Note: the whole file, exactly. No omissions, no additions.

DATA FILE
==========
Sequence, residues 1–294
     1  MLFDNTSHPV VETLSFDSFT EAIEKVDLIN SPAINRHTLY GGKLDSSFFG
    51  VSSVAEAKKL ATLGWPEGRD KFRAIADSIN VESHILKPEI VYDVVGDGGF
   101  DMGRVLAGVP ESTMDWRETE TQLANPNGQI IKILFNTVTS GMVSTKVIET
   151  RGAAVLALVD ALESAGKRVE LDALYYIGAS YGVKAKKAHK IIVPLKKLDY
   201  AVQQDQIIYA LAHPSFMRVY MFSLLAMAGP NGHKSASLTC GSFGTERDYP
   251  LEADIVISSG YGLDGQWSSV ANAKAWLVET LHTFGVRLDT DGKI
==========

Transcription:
Sequence, residues 1–294
     1  MLFDNTSHPV VETLSFDSFT EAIEKVDLIN SPAINRHTLY GGKLDSSFFG
    51  VSSVAEAKKL ATLGWPEGRD KFRAIADSIN VESHILKPEI VYDVVGDGGF
   101  DMGRVLAGVP ESTMDWRETE TQLANPNGQI IKILFNTVTS GMVSTKVIET
   151  RGAAVLALVD ALESAGKRVE LDALYYIGAS YGVKAKKAHK IIVPLKKLDY
   201  AVQQDQIIYA LAHPSFMRVY MFSLLAMAGP NGHKSASLTC GSFGTERDYP
   251  LEADIVISSG YGLDGQWSSV ANAKAWLVET LHTFGVRLDT DGKI